Your new best friend will love scratching posts! Scratching posts provide something for your cat to: 

  • Climb   
  • Sleep on     
  • Scratch their paws on   

So they’re a terrific way to keep your cat amused. Your cat should be able to stretch out comfortably on the scratching post. Some scratching posts have multiple levels of platforms to sit on, which is favourable. You may get these at a pet store or even make your own out of a tree stump.

Interactive Toys

Cat interactive toys are intended to provide cats with the exercise and mental stimulation they crave and keep indoor cats occupied and out of mischief.

Toys for your cats are an excellent source of both physical and mental stimulation. It’s also a better idea to pick a few toys that your cat likes and swap them regularly to keep things interesting. Swapping the toys prevents your cat from getting bored of the same toys.

Interactive toys are a fun way to get along with your cat while also giving much-needed stimulus to her mind and body. Typically, these toys include: 

  • Dangling a feather or toy from a pole and string for your cat to play with, which keeps them excited to climb the post
  • Chasing laser pointers

 Playing with your cat for fifteen minutes or so a couple of times a day provides them with something to anticipate.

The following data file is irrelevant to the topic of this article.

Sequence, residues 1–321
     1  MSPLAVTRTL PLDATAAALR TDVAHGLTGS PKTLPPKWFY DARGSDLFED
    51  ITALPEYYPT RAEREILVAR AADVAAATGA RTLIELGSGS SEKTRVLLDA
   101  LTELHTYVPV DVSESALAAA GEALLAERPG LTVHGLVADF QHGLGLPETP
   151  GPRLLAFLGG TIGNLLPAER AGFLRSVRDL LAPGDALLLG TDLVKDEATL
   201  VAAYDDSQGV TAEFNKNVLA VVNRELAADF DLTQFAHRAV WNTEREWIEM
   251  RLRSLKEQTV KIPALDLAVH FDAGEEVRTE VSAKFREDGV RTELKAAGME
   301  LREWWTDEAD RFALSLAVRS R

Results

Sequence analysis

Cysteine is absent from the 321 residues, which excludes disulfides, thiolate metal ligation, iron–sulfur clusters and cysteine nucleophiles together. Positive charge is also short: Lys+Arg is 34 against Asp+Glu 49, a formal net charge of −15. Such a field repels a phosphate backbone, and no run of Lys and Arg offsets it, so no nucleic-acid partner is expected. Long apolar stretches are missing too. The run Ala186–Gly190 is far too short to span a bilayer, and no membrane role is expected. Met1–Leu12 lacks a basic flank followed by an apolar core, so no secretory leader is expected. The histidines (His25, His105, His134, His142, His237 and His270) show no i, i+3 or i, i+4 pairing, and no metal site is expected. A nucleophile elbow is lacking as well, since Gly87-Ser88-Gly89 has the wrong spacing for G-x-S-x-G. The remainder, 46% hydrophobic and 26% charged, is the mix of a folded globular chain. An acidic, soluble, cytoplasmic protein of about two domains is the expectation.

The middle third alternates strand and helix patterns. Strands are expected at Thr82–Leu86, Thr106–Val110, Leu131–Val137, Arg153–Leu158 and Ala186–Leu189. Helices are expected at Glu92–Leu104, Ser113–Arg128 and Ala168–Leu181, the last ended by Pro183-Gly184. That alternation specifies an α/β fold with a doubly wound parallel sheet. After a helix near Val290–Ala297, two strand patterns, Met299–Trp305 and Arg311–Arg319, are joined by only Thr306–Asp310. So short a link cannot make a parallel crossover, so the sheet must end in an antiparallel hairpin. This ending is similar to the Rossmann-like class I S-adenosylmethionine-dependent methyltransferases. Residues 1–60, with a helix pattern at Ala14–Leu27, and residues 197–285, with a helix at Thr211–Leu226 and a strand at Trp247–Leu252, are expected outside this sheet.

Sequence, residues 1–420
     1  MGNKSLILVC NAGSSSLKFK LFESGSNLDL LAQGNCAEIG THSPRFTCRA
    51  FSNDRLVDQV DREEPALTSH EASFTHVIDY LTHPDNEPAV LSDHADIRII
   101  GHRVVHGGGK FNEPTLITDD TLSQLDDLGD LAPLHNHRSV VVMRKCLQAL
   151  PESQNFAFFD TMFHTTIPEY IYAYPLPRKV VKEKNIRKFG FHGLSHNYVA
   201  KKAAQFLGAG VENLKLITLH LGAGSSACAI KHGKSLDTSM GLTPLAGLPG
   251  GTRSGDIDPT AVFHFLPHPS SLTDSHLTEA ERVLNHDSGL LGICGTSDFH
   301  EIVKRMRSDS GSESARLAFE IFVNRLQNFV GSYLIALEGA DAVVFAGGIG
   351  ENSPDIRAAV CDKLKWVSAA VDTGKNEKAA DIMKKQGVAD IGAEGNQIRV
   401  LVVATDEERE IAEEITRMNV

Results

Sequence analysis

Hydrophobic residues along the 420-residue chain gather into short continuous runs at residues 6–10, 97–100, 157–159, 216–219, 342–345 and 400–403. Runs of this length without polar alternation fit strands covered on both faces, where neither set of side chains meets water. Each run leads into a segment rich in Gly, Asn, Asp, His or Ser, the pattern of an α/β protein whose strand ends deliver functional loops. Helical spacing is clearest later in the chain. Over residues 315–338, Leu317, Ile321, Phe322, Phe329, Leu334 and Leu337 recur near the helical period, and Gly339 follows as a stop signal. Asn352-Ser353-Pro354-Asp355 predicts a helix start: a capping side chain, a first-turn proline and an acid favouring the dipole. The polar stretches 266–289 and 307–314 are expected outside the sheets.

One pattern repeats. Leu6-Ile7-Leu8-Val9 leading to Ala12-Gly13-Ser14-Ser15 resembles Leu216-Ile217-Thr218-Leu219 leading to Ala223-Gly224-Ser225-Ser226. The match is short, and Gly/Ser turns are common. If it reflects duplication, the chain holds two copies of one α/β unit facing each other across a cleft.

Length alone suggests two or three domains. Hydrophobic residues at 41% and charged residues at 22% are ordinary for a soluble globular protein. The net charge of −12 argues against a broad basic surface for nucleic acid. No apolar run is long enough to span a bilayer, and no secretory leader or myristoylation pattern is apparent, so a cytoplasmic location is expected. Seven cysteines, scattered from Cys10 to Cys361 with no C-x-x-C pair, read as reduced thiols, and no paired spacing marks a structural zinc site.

Build a Catio   

Catios are the ideal compromise, providing enrichment while keeping cats safe from wildlife and other threats.

You can buy or create a catio to keep your indoor cat safe when they go outside. For indoor cats, these can be a great source of entertainment. Catios may be able to assist our feline friends in leading a more natural lifestyle, reducing the risk of health problems and enriching their lives.      

A catio is an outdoor covered structure fastened to a window or door leading outside your home and allowing your favourite feline to experience the outdoors safely.

Playing and Cuddles

Play allows your cat’s predatory tendencies to be expressed while also relieving boredom, preventing behavioural issues, and providing exercise, which helps avoid weight gain and future health problems.